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The Actuary The magazine of the Institute & Faculty of Actuaries
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False accounting

As I write this, the 16th annual round of negotiations of the United Nations Framework Convention on Climate Change (COP 16) has just ended. After the disappointment of the previous round in Copenhagen in December 2009, the agreement reached has been greeted with some optimism. But what was agreed? On the positive side, the goal of limiting the global average temperature rise to less than 2°C was reaffirmed. It was also acknowledged that this target might need to be lowered to <1.5°C if future science demands. In addition, voluntary cuts that were offered during the last round of negotiations were written into the agreement.

On the other hand, there was no major progress on how to extend the Kyoto protocol, which obliges rich nations to cut greenhouse gas emissions 1. The CancÚn agreement is not legally binding. And worst of all, the cuts agreed are almost certainly insufficient to achieve the stated aim of holding warming below 2°C 2.

Climate change is not the only problem facing the world today. There is also a risk of an energy crunch in the near future 3, among other resource constraints. Why is there not more urgent action on these issues?

An analogy: the world as an insurance company
Reserving for a non-life insurance company is tricky, because the true best estimate is always uncertain. The delay between receipt of premium and payment of claims means that it takes a while for the company’s true liability to emerge. Booked reserve movements, on the other hand, flow through immediately to the bottom line. This means that when premium rates are down, the ‘soft market’, releasing reserves is an easy way to bolster short-term profits. However, if reserves are insufficient to pay claims arising from all written premiums, the company is under-reserved.

In the analogy between the global economy and an insurance company, insurance company managers represent politicians, the company’s shareholders represent the general population, the company profits represent the wealth of the population and the insurance company’s actuaries represent climate scientists.

If the soft market continues, then the insurer’s loss experience will worsen. It is perfectly legitimate to book reserves within a range of the best estimate. However, management has an incentive to choose a reserve estimate at the lower end of the range, in order to meet profit targets. Also, there is a natural tendency for anchoring, whereby new estimates are pulled back towards the previous versions. Eventually, reserves may get so out of line with real liabilities that rating agencies get interested. For example, when Swiss Re took over Employers Re in 2006, it found that the reserves needed to be strengthened by $3.4bn 4.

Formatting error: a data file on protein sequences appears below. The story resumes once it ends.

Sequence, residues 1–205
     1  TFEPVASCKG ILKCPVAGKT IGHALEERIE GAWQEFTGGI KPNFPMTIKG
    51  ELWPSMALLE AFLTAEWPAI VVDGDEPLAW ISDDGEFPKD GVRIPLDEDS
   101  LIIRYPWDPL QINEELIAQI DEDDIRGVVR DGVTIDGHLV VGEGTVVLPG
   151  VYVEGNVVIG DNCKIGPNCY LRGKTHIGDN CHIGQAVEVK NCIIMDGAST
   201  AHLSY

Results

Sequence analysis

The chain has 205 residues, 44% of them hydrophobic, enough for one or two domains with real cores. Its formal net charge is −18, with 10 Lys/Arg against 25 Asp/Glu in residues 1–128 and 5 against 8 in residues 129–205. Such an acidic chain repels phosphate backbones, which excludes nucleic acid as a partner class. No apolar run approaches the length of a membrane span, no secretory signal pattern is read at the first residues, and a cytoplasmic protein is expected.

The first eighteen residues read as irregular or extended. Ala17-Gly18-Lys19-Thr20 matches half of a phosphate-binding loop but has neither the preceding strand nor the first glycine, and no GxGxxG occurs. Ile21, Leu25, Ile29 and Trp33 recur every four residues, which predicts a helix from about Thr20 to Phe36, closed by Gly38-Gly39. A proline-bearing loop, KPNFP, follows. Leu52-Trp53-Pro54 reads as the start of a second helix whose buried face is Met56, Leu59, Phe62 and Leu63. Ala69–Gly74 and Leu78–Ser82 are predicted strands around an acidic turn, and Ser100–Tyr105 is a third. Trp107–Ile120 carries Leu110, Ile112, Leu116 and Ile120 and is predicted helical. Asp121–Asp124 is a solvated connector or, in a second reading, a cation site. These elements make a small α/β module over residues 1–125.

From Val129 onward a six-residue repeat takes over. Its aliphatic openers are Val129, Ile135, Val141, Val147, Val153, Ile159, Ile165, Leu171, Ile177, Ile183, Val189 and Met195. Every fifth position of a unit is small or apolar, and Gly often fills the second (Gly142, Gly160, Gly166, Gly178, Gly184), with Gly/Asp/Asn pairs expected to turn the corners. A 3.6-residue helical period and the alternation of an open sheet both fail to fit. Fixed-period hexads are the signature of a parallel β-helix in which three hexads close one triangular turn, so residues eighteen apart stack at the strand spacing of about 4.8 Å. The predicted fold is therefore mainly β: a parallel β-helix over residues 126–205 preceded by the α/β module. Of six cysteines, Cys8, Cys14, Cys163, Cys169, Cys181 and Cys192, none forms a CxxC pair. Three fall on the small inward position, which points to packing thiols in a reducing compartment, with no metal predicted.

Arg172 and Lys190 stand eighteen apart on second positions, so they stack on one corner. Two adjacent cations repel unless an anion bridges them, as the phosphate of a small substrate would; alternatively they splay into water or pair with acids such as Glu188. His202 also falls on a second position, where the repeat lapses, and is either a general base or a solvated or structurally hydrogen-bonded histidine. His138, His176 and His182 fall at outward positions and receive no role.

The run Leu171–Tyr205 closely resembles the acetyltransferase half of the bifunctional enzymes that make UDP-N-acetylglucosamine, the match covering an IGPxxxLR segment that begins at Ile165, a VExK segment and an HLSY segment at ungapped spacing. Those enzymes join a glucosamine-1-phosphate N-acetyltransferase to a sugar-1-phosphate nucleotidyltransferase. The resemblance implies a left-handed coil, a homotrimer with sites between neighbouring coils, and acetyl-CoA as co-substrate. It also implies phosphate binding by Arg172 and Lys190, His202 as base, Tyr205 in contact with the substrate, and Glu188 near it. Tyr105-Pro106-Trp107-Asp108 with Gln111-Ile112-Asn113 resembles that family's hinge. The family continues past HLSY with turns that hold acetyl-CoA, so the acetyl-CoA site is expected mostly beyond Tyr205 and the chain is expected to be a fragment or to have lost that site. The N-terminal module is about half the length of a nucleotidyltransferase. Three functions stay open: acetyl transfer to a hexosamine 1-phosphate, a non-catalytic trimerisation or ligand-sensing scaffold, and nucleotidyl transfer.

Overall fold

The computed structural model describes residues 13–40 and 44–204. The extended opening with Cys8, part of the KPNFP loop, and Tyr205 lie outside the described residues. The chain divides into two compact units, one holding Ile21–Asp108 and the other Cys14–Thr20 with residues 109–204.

When an insurance company under-reserves, it does not recognise all its liabilities. This allows it to maintain short-term reported profits for shareholders. Currently, politicians are holding back from recognising the full costs of fixing environmental and resource problems. This lack of recognition allows them to maintain our standard of living in the short term. However, in both cases the profit or wealth is illusory. It is based on an accounting trick that trades the future for the present. In the world, the false accounting arises from consuming natural capital and accounting for it as income. Natural capital refers both to irreplaceable natural resources such as oil, and to the ability of the environment to soak up pollution 5.

Given that the Kyoto Protocol expires in 2012 and there is still no agreement on its successor, we might be forgiven for thinking that politicians have given up on climate change. Also, the lack of preparation for the coming energy crunch is puzzling. Maybe politicians are like the insurance company manager who decides that under-reserving is too large to tell shareholders about?

Perhaps the actuarial profession, alongside other professions, could help to create the political space for real solutions to develop? As an example, in order to clean up pollution we will need to pay more for our energy in future 6, but this will not be a popular message. Our profession could communicate to the public that they will have to pay more for their security. Before we can do this, we need to have a debate within our profession about what we think are reasonable responses to climate change and the resource crunch. If you would like to contribute to this debate, please get in touch with the Resource & Environment Member Interest Group (REG). You can find more information about the impact of climate change and resource depletion on the actuarial profession in the recent Literature Review carried out by the REG at http://tinyurl.com/32p68c3

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1 http://in.reuters.com/article/idINIndia-53501020101211?pageNumber=2

2 www.newscientist.com/article/dn19826-climate-pledges-are-9-gigatonnes-short.html?DCMP=OTC-rss&nsref=climate-change

3 www.lloyds.com/News-and-Insight/360-Risk-Insight/Research-and-Reports/Energy-Security/Energy-Security

4 www.thefreelibrary.com/A.M.+Best+Comments+on+Swiss+Re’s
+Ratings+Following+the+Acquisition+of...-a0146904722


5 See Andrew Simms’ book Ecological Debt and www.neweconomics.org/press-releases/worldentersecological-debt-on-saturday-21-august-2010

6 www.economist.com/node/17679633?story_id=17679633&fsrc=rss

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Oliver Bettis is chair of the Resource & Environmental Member Interest Group